- In Arizona, the passing of Article SB 1098 legalized industrial hemp and cannabidiol (CBD) products(1).
- Marijuana-based CBD products are allowed for licensed patients under the Arizona Medical Marijuana Act(2).
- The United States Farm Bill of 2018 has allowed the growth, cultivation, production, and manufacturing of hemp with less than 0.3% tetrahydrocannabinol (THC)(3).
- The Arizona Department of Agriculture issues a license for individuals who wish to cultivate, harvest, transport, process hemp, or open a hemp plant nursery(4).
Is CBD Oil Legal in Arizona?
In May 2018, industrial hemp with no more than 0.3% THC was legalized when the Arizona State Legislature passed SB 1098(5).
The law was signed by Governor Doug Ducey, providing funding for the Arizona Department of Agriculture’s (AZDA) agricultural pilot program.
The said program allows universities and individuals with an AZDA-issued license to begin cultivating industrial hemp.
On the federal level, cannabidiol products with 0.3% or less THC are legal. The passing of the 2018 Farm Bill allowed the growth, production, and manufacturing of hemp plants(6).
Under the Controlled Substances Act, industrial hemp was also removed from the Schedule I drug category(7).
Further research is still needed to prove CBD’s safety and effectiveness in treating various medical conditions, says the FDA.
Arizona CBD Laws
SB 1098 allows the state to establish and regulate programs for the growth, harvesting, processing, research, and sale of industrial hemp(9).
It was found and determined that developing and using industrial hemp can improve Arizona’s economy and agricultural vitality. Industrial hemp production can be regulated to not interfere with the strict regulation of marijuana in the state.
‘Industrial hemp‘ is defined as a cannabis plant that contains less than 0.3% THC by dry weight. An important distinction made by the law is that any part of the plant that meets this definition is allowable.
The bill’s second key provision is the reference to hemp products. According to SB 1098, the state’s industrial hemp program is designed to research the growing, cultivating, and marketing of industrial hemp and hemp seeds used in hemp products.
Arizona law has made no explicit court ruling on the specific issue of hemp-derived CBD. With recent legislation, such as SB 1098 and the 2018 Farm Bill, hemp-derived CBD oil and other CBD products are legal.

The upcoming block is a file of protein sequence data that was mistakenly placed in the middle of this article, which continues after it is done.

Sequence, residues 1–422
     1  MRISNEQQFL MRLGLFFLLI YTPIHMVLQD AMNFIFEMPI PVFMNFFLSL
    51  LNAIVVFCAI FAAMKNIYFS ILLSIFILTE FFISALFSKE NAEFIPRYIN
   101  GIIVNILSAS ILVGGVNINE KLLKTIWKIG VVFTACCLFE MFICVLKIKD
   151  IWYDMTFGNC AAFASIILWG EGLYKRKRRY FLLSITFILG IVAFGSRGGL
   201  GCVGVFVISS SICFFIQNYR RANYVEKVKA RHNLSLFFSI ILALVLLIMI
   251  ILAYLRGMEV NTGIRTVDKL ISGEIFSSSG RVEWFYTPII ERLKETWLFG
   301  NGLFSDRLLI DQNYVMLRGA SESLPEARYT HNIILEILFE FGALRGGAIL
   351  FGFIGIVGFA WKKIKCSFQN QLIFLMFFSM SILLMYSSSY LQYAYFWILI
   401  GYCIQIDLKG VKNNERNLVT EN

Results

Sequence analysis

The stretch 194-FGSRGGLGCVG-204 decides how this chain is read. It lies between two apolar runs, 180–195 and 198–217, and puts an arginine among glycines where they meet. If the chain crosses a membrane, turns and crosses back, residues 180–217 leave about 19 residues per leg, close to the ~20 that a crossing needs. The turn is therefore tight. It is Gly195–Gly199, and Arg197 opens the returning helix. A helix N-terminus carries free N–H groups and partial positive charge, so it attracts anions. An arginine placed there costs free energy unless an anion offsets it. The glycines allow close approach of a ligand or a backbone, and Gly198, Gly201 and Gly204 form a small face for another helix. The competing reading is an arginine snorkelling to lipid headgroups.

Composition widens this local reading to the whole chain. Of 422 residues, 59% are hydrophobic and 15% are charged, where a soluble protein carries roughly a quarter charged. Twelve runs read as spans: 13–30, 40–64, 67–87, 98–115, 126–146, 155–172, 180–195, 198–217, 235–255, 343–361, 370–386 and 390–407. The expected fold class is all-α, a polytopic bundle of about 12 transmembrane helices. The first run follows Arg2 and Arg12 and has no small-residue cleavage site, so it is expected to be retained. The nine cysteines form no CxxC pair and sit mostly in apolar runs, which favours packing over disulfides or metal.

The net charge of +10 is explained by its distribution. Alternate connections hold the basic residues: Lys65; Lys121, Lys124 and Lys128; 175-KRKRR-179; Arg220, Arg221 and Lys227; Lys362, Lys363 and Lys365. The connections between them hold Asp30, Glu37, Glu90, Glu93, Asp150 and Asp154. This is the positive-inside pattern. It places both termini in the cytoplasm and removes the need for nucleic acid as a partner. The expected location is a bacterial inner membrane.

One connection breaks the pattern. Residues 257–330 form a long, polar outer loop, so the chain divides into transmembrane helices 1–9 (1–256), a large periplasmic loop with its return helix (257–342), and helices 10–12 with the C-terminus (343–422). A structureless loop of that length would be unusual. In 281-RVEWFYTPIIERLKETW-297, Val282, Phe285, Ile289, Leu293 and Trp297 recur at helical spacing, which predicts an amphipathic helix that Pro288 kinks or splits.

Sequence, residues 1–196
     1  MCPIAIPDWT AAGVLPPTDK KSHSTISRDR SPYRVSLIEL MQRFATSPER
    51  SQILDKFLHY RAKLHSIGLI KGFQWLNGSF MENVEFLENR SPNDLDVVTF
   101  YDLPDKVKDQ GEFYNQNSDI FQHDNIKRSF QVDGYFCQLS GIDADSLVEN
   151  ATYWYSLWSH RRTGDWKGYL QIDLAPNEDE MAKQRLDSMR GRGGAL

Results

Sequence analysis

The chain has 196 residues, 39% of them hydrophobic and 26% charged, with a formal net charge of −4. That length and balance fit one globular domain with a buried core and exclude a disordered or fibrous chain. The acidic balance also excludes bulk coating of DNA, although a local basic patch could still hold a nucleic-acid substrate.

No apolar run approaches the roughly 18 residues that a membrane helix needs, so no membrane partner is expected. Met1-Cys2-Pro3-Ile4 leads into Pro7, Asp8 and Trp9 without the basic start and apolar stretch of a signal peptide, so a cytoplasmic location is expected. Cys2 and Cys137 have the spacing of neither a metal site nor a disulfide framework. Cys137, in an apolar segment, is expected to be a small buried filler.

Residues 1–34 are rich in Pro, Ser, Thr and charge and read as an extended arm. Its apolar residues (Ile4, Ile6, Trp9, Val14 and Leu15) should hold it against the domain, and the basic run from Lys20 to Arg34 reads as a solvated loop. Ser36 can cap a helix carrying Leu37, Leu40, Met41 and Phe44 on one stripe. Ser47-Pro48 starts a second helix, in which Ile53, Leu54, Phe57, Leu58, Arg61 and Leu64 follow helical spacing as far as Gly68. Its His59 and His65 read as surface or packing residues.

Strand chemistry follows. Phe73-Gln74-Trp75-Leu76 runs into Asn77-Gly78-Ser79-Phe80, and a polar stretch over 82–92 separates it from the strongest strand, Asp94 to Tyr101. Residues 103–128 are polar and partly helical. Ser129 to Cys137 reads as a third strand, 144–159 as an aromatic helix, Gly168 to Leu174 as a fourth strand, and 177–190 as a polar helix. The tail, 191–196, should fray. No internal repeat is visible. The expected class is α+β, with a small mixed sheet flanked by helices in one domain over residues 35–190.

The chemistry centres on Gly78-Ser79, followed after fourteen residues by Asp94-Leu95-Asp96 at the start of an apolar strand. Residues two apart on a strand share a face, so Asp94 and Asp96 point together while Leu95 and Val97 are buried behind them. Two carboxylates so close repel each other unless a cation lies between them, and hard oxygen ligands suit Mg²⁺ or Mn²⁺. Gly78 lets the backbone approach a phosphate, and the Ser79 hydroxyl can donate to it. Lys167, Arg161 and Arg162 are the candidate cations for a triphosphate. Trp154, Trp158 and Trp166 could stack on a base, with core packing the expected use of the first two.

CBD Possession Limits in Arizona
Qualified patients should always have their medical marijuana cards, particularly when purchasing at dispensaries.
The qualifying conditions to become a licensed medical marijuana patient include the following(12):
- Severe and chronic pain
- Multiple sclerosis (including severe or persistent muscle spasms)
- Epilepsy or seizures
- Severe nausea
- Post-traumatic stress disorder (PTSD)
- Amyotrophic lateral sclerosis (ALS)
- Alzheimer’s disease
- Crohn’s disease
- Cachexia or wasting syndrome
Individuals found with less than two ounces in their possession may be charged with a Class 6 felony, punishable by a sentence of four months to two years and a maximum fine of $150,000(13).
The possession of two to four ounces may be charged with a Class 5 felony, punishable by a sentence of six months to two and a half years and a maximum fine of $150,000(14).
CBD Licensing Requirements
Before cultivating, harvesting, transporting, processing hemp, or opening a hemp plant nursery in Arizona, individuals must first apply for a license issued by the Arizona Department of Agriculture(15).
Applicants must submit a completed application form, a copy of a Level I Fingerprint Clearance Card, and payment for the applicable fee of the license they are seeking.
The US Department of Agriculture (USDA) does not require a license for manufacturing, marketing, or selling hemp or CBD products. The USDA’s oversight only covers the growth and cultivation of industrial hemp.